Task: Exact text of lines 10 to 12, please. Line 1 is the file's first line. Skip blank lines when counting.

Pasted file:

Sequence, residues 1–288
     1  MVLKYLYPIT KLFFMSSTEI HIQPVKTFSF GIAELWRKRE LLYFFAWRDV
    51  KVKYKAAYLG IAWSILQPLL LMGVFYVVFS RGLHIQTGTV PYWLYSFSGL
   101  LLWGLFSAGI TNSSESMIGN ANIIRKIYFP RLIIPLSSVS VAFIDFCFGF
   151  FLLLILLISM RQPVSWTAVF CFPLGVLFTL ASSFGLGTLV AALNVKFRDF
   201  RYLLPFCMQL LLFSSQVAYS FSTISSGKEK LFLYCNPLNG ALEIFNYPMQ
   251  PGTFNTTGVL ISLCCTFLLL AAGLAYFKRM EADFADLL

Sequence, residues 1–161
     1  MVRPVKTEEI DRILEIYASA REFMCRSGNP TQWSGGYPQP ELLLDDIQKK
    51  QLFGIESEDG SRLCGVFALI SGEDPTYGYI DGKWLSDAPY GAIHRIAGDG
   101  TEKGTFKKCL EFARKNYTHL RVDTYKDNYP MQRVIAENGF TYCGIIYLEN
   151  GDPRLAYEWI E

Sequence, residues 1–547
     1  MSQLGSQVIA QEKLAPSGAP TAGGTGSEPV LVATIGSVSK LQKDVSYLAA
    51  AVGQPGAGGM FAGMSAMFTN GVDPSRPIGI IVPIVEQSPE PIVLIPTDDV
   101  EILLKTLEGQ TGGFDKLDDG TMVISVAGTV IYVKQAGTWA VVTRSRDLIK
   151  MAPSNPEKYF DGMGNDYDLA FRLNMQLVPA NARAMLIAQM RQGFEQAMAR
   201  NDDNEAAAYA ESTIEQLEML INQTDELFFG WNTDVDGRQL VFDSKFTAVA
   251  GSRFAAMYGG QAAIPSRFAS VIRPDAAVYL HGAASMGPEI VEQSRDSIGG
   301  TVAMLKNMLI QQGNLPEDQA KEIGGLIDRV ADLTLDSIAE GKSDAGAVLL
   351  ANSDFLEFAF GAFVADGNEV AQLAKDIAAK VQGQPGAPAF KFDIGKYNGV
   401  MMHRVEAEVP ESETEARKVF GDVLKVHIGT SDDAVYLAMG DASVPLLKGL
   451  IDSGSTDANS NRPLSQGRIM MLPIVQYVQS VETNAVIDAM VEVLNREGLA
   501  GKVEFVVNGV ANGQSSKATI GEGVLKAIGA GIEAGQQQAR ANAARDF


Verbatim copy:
    51  QLFGIESEDG SRLCGVFALI SGEDPTYGYI DGKWLSDAPY GAIHRIAGDG
   101  TEKGTFKKCL EFARKNYTHL RVDTYKDNYP MQRVIAENGF TYCGIIYLEN
   151  GDPRLAYEWI E